Everyone has heard the expressions visual acuity and 20/20 vision. Yet, what do these terms truly mean? When you really understand what they imply, you will get why an optometrist asks you to do more than simply read from the eye chart.
The term 20/20 refers to the clarity and sharpness of eyesight from 20 feet away. If you have 20/20 eyesight, it means that from 20 feet away you are able to clearly see that which is normally seen from that distance. To give an extreme example, 20/100 eyesight would indicate that you would need to be as close as 20 feet away to see what a normal-sighted person would see from 100 feet away. Obviously, in this scenario, you would be extremely near sighted.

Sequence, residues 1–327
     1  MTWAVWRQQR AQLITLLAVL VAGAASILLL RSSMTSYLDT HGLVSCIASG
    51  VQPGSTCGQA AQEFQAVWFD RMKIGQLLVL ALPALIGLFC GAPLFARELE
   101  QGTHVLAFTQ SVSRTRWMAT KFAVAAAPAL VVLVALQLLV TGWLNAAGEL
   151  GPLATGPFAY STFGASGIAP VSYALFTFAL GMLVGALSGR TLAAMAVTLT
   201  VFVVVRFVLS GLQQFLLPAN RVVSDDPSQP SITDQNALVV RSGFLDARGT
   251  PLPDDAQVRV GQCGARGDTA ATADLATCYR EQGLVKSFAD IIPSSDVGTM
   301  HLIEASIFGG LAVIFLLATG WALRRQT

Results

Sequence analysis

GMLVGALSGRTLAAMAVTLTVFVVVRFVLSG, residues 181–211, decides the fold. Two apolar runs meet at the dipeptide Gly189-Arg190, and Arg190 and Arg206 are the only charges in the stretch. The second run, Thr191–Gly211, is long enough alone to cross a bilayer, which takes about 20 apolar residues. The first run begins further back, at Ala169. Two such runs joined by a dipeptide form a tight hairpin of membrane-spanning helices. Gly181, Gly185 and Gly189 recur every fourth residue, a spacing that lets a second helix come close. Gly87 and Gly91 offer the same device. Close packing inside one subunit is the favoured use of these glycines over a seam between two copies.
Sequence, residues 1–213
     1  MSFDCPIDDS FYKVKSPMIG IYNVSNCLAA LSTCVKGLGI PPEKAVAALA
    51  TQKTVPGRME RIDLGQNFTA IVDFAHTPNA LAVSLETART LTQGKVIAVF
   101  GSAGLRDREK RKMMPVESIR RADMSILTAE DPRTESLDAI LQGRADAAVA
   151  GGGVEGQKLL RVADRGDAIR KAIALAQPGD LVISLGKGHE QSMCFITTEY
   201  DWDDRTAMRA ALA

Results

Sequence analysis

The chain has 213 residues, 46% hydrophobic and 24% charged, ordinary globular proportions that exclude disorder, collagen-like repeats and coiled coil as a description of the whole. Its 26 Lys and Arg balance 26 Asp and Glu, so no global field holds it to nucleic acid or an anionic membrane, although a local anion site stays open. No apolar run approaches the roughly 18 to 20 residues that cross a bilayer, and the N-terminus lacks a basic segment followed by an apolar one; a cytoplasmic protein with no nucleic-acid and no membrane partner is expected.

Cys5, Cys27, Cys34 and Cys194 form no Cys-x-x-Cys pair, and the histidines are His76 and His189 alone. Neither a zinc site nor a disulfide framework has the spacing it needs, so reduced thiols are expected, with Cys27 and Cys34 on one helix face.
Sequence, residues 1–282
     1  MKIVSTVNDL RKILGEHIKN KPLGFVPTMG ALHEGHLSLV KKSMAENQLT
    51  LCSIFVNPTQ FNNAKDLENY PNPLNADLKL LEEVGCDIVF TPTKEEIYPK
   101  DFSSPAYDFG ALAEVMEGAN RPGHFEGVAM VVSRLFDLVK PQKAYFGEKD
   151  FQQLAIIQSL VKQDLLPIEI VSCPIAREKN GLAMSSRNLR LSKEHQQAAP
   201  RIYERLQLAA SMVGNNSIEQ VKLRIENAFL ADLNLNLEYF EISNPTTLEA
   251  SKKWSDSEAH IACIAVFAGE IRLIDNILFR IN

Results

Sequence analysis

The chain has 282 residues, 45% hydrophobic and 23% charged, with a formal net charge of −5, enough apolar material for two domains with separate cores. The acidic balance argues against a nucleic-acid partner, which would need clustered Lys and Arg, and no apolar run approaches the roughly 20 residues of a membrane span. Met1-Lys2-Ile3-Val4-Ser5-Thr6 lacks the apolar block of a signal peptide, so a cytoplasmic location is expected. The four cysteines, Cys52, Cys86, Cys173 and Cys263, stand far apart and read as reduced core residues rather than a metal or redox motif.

Your eyes are tested separately. When you're asked to look at the eye chart and read out the letters, the smallest letters you can clearly read determine the visual acuity of the eye being examined.
20/20 sight doesn't necessarily mean your vision is perfect, because, after all, it can only judge how accurately you see at a distance. There are other really crucial components to seeing accurately; being able to focus on objects that are close by, contrast sensitivity, peripheral awareness, depth perception, eye coordination and color vision - these all contribute to your overall ability to see. And actually, a patient who has 20/20 vision can have eye problems. Even those who have suffered damage to the retina due to glaucoma, diabetes, high blood pressure, or numerous other diseases are still able to have 20/20 vision without glasses. This is why an optometrist always conducts a comprehensive eye exam, as opposed to just a simple visual acuity exam.
When you're having your next eye exam, you'll understand why you're being told to read letters off an eye chart, and more!